The practice of good oral hygiene was found to be significantly sound among students since the majority practiced twice-daily tooth brushing (77.9%) with a toothbrush (98.3%) and toothpaste (55%). These findings are comparable to the study conducted by Vishwanathaiah in 2016, which found all study participants used toothbrush and toothpaste as oral hygiene aids, however, a significantly lower proportion practiced twice-daily tooth brushing (30%) [35]. Another study by Ogunrinde T., et al. in 2015 showed majority of the students (89.6%) practiced tooth brushing twicedaily with the aid of a toothbrush and toothpaste [36].

  An alarming observation was that 45% of students were unaware that toothpaste contains fluoride, so although students frequently used toothpaste, when asked if they use a toothpaste containing fluoride most students indicated they did not or did not know. Additionally, 53.3% of students indicated they use dental floss to clean between their teeth, with 21.8% stating they floss once daily and 28.9% twice daily.

  The possible relationship between the level of knowledge and oral health status measured by DMFT and PDI scores was also investigated. The results did not show a statistically significant difference. However, 81.1% of students had an appropriate level of knowledge, with 39.5% of these students having good oral health observed by a DMFT value of zero (0) and 37.8% with healthy gingiva.

  The relationship between oral health-related attitudes and oral health status was also assessed, for which there were no statistically significant findings. It was found that 40% of students that displayed positive attitudes also had good oral health observed by a DMFT value of zero (0) and healthy gingiva.

  Students that engaged in good oral hygiene behaviours were also observed to have good oral health. Interestingly enough among the individual variables analyzed, statistical significance was observed for the use of toothpaste containing fluoride and dental caries experience (DMFT). This finding is greatly documented; children that brush their teeth at least once daily with a toothpaste containing fluoride are more likely to have fewer cavities [37]. A statistical finding was also observed in relation to the use of dental floss and periodontal status. Research has shown that flossing, in addition to regular tooth brushing reduces the occurrence of gingivitis as opposed to brushing alone [38].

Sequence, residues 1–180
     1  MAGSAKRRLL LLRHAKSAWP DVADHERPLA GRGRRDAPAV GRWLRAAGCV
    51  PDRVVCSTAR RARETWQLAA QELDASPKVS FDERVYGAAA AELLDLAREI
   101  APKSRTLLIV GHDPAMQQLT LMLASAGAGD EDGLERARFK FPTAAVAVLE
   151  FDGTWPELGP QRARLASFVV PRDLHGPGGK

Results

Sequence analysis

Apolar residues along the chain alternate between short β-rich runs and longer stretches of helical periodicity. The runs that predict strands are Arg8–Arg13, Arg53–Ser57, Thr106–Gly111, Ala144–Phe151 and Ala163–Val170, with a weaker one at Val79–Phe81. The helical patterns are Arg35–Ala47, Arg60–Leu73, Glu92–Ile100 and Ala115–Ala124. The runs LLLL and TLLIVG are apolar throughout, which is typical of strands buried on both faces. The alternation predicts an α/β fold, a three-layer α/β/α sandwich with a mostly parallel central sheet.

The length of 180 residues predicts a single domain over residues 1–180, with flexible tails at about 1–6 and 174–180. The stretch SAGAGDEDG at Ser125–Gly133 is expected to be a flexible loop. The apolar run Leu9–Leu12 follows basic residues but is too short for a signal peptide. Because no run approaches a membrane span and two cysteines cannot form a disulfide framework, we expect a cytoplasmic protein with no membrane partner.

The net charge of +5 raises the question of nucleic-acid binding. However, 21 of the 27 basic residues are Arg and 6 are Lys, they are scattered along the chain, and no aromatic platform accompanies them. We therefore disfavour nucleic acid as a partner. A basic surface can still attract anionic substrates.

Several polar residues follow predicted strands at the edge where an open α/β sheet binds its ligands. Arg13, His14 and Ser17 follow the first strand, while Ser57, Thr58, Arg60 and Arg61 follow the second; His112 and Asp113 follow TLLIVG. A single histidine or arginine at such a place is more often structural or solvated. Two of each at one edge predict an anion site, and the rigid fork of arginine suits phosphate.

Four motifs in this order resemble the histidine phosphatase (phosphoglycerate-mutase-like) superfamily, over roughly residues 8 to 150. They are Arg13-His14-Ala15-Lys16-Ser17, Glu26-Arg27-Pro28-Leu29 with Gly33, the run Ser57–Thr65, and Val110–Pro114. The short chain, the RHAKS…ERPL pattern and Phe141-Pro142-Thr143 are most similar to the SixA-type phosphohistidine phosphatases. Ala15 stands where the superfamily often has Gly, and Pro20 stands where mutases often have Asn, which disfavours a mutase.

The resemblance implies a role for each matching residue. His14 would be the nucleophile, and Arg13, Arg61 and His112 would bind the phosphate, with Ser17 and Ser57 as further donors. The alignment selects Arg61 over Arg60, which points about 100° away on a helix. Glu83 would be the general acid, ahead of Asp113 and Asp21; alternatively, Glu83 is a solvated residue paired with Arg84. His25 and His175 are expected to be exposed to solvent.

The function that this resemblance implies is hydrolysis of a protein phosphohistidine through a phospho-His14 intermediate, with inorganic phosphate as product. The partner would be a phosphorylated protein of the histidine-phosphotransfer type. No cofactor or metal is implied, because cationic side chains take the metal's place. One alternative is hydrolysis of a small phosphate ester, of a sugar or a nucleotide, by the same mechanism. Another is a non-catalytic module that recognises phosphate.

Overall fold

Conclusion

  The oral health status of the student participants with dental caries and periodontal disease was moderate to poor. The mean DMFT score of students complied with WHO recommendation of no more than 3 DMFT by the year 2000. However, this value did not take into consideration the high proportion of untreated carious lesions, coupled with the meagre proportion of restorations observed among students. Only 45.3 % of students were observed to be caries-free. There was also a relatively high occurrence of gingivitis among students, 58% of students were noted to have mild to moderate gingivitis, with statistical significance observed among males and females with the mean PDI scores.

  84.1 % of female students and 78.1 % of male students exhibited a fair level of knowledge on the causes of oral diseases and the various preventive measures. Oral hygiene practices and attitudes among students were also found to be satisfactory based on responses to the questionnaires provided. However, based on the oral examination performed students’ account of their daily practices were inconsistent with the observed oral health statuses.

  There were no overall statistically significant relationships observed among knowledge, attitudes and practices in relation to oral health status, however, among the various schools a significant difference in the level of knowledge and mean DMFT scores were observed. In addition, among the individual variables, statistically significant finding was observed for the use of fluoridated toothpaste and dental floss.

Conflict of Interest

The authors declare that there is no conflict of interest.

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Citation

Citation: Zoe Perreira., et al. “Oral Health Status and Knowledge, Attitudes and Practices of Students Attending Public Secondary Schools, in Georgetown". Acta Scientific Dental Sciences 5.3 (2021): 48-57.